What is leishmaniasis?
There are two main types of leishmaniasis, both of which are very rare in travelers. Cutaneous leishmaniasis causes disfiguring facial lesions and is especially prevalent in the Middle East and Afghanistan. Visceral leishmaniasis (kala-azar) affects the spleen, liver and bone marrow, causing fever, weight loss, and anemia. Sufferers can be misdiagnosed as having lymphoma or leukemia. This form is widespread in Asia, parts of South America, and East Africa.
How do you contract leishmaniasis? The leishmania organism is spread by the bite of an infected sandfly. Many animals, especially dogs, can be infected with certain forms of the disease. Contact with pets does not spread leishmaniasis; a sandfly is still required to act as a vector of the disease. The incubation period is at least a week and can be up to many months. The parasites that cause visceral leishmaniasis can remain dormant for many years and become “reactivated” when a person’s immune system becomes suppressed (such as with HIV or steroid treatment).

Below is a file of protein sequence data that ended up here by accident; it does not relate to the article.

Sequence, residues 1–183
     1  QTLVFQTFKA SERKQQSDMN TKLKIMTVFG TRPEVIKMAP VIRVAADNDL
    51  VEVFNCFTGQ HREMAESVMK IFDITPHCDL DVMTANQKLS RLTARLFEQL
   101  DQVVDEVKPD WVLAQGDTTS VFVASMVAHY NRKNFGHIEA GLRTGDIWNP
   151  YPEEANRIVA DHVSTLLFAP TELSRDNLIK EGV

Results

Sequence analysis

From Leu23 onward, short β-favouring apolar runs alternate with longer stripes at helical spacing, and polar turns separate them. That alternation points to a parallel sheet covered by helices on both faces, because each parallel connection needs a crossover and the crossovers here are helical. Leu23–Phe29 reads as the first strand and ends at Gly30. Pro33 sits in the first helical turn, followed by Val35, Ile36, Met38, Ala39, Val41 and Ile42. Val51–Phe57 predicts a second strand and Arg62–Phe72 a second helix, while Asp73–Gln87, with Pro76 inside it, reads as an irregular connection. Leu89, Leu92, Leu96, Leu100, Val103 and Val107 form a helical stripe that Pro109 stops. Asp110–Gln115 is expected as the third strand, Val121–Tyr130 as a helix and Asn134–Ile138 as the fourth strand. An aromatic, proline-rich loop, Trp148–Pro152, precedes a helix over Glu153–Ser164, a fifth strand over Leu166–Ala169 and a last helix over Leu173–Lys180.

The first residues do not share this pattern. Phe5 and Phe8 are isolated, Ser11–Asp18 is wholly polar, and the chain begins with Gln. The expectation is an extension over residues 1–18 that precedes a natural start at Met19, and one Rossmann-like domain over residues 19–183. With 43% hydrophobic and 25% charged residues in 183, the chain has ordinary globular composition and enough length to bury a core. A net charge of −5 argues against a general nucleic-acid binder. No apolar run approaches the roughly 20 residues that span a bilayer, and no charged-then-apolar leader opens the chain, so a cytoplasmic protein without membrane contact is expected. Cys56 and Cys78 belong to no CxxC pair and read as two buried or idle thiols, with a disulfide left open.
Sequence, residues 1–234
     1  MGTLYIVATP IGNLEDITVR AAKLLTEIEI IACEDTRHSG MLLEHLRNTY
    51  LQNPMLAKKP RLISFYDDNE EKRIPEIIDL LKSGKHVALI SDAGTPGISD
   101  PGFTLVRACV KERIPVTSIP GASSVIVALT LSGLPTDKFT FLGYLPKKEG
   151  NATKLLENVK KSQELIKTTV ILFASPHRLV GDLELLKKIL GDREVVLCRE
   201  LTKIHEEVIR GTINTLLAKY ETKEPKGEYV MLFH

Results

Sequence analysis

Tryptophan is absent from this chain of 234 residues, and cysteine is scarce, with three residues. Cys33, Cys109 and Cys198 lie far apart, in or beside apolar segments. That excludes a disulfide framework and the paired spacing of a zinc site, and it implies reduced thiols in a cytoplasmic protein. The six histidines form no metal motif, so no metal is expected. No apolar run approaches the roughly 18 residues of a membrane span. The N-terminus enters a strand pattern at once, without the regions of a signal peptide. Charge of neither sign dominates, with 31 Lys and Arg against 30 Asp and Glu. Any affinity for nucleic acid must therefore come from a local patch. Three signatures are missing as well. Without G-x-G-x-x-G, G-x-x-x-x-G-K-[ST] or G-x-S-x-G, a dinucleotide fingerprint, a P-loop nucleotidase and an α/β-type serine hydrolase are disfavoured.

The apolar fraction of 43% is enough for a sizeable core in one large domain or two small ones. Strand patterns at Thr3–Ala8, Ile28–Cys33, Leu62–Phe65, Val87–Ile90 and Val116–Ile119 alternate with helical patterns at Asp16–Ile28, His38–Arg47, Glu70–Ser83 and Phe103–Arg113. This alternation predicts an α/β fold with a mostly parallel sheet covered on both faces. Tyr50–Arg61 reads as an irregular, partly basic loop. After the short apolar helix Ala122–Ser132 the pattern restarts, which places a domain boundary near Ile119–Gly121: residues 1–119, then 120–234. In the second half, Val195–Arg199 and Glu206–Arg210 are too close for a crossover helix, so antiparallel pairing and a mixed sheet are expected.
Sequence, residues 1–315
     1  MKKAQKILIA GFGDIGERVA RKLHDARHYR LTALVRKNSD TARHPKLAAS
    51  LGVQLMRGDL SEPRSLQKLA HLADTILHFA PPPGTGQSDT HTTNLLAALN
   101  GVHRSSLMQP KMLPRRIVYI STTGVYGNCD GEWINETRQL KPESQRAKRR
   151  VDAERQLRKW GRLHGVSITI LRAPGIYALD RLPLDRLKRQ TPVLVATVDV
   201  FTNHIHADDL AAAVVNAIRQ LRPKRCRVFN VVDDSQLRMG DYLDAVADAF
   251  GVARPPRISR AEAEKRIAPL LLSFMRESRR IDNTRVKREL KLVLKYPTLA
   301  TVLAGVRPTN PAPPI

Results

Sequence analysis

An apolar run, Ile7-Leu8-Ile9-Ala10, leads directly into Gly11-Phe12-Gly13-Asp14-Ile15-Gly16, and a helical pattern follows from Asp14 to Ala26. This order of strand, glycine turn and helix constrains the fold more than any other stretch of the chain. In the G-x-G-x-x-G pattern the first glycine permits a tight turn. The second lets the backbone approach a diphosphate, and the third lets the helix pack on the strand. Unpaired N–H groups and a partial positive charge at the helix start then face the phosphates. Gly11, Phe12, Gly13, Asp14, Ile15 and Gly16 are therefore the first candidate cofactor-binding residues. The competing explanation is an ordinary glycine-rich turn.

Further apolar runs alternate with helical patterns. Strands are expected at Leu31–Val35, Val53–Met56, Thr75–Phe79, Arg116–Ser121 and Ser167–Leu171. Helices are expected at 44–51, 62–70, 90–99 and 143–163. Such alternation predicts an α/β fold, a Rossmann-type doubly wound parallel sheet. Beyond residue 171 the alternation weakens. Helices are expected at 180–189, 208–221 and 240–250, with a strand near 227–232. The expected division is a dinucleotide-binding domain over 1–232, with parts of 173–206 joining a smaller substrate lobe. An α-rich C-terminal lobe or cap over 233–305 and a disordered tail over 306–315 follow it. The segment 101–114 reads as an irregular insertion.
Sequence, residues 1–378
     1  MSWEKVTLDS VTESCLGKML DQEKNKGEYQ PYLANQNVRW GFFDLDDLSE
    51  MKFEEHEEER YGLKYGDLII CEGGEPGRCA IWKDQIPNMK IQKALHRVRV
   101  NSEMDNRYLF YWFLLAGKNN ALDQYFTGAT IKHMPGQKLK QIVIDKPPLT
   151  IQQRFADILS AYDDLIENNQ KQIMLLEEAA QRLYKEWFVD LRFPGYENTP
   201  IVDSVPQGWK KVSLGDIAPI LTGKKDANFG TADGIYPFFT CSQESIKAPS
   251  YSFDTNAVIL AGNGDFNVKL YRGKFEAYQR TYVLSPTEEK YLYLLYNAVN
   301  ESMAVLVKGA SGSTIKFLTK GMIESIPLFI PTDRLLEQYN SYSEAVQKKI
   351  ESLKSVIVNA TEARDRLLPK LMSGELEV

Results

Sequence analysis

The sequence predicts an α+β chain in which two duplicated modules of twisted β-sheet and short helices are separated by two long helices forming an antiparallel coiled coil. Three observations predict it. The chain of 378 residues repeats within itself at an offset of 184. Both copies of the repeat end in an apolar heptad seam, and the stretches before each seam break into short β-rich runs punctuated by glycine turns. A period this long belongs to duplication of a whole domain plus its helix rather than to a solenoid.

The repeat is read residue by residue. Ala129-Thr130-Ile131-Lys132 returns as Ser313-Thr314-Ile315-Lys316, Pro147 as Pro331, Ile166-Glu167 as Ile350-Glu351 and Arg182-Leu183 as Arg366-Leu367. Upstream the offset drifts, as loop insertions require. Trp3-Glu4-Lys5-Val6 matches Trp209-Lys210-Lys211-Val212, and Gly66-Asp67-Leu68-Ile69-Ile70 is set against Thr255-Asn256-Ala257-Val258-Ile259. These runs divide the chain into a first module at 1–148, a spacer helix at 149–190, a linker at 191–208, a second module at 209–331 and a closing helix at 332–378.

How is leishmaniasis treated and prevented?
Anyone thought to be infected should seek treatment with a specialist in tropical medicine or an infectious disease expert. Amphotericin B (Ambisome, Abelcet, Amphotec) may be prescribed.
There are no vaccines to prevent leishmaniasis, and travelers should take steps to avoid sandfly bites. As sandflies are extremely small and can pass through the holes in standard mosquito nets, it is important that all nets are treated with an insecticide. Insect repellents are advised for exposed skin, especially at night, as sandflies generally bite in darkness.
MASTA Travel Health: www.masta-travel-health.com
Centers for Disease Control and Prevention: www.cdc.gov/parasites/leishmaniasis/
Last Reviewed: June 2013